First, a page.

Yesterday morning we welcomed 10 mentees from our current programme to our monthly virtual clinic, where they are able to network with their peers and share the challenges they are currently facing in their business. The session was supported by two of our mentors who were on hand to provide their experience and guidance as we discussed the topics of identifying your USP and hiring your first member of staff.
Many of the group are looking to break into existing markets where they face stiff competition and need a USP if they are to offer a credible alternative to their industry counterparts. The group discussed at length the benefits and pitfalls of using your service history as a selling point with individual experiences very dependent on the industry they are working in, we know that generally, the UK public respond well to service people, however the experience of one of our mentees was that when it came to basing management and leadership services on a military career, it quickly became a more difficult sell as the old stereotypes of marching and shouting came to the fore. On the other hand, when delivering services to the public, where word of mouth recommendation is king, it was the general consensus that people love a back story to the product/service that they are buying, particularly if they are spending a lot of money and plan to show it off. Our mentors agreed that there is a place for sharing your military history but warned that it is not enough on its own to make your business unique, you also need to have a solid business idea which fulfils a need not currently met.
Hiring staff is a milestone that most business owners will aspire to, but handing responsibility for part of your organisation to another person - or people - can be a daunting prospect for somebody who has put their heart and soul into it, sometimes for several years before they reach this point. We discussed the different ways in which you can minimise the risk to your business by considering using services such as virtual PAs and fixed term contracts and ensuring that you identify clear expectations of your staff prior to hiring. With several CICs currently on our programme, we also discussed using volunteers to deliver your programme, both at the point of delivery and with back-office support. Volunteers can be seen as difficult to rely on as they are giving their time for free, you may feel that too much pressure or asking them to carry out a task they aren’t interested in may put them off supporting you further. The group shared their own experiences of volunteering and what being part of a collective cause meant to them and agreed that for volunteers to commit to your organisation, you need to make them feel that they are really part of something and give them a community to be proud to be a part of.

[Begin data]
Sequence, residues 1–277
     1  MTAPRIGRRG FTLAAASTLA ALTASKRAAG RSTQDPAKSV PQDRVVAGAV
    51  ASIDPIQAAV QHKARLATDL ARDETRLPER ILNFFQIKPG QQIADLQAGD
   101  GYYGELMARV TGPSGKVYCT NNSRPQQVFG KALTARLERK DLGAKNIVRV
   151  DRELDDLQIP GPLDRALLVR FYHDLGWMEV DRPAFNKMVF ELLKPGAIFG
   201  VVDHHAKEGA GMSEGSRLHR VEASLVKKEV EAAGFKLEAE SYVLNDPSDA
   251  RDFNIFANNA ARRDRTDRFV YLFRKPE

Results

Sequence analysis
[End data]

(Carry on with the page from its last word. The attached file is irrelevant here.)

The topics for the session were entirely guided by the current experiences of our mentees and it was brilliant to see not only our mentors providing guidance to a large group, but also the mentees attending delivering peer to peer support, based on their own experience of the current market.
If you would like to benefit from our support and the opportunity to participate in these networking opportunities, then please click here to find out more about our Mentoring Programme.